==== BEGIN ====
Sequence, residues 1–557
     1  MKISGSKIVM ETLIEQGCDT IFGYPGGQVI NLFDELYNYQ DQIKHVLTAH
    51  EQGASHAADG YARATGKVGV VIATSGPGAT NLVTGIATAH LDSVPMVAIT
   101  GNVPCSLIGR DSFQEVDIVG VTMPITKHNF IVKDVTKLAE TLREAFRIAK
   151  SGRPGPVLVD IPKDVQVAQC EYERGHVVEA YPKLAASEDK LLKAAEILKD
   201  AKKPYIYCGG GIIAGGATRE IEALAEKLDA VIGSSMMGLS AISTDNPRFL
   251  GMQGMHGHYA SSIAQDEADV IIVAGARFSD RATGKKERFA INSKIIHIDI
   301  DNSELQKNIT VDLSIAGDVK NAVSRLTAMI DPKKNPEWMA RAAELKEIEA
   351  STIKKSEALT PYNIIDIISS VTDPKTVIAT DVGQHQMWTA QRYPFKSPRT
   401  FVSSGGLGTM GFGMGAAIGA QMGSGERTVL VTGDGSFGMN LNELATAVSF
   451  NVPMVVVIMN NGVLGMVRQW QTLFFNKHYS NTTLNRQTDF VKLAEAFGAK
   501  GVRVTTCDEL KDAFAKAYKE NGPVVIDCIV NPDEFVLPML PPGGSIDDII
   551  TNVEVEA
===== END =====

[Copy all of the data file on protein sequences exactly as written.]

Sequence, residues 1–557
     1  MKISGSKIVM ETLIEQGCDT IFGYPGGQVI NLFDELYNYQ DQIKHVLTAH
    51  EQGASHAADG YARATGKVGV VIATSGPGAT NLVTGIATAH LDSVPMVAIT
   101  GNVPCSLIGR DSFQEVDIVG VTMPITKHNF IVKDVTKLAE TLREAFRIAK
   151  SGRPGPVLVD IPKDVQVAQC EYERGHVVEA YPKLAASEDK LLKAAEILKD
   201  AKKPYIYCGG GIIAGGATRE IEALAEKLDA VIGSSMMGLS AISTDNPRFL
   251  GMQGMHGHYA SSIAQDEADV IIVAGARFSD RATGKKERFA INSKIIHIDI
   301  DNSELQKNIT VDLSIAGDVK NAVSRLTAMI DPKKNPEWMA RAAELKEIEA
   351  STIKKSEALT PYNIIDIISS VTDPKTVIAT DVGQHQMWTA QRYPFKSPRT
   401  FVSSGGLGTM GFGMGAAIGA QMGSGERTVL VTGDGSFGMN LNELATAVSF
   451  NVPMVVVIMN NGVLGMVRQW QTLFFNKHYS NTTLNRQTDF VKLAEAFGAK
   501  GVRVTTCDEL KDAFAKAYKE NGPVVIDCIV NPDEFVLPML PPGGSIDDII
   551  TNVEVEA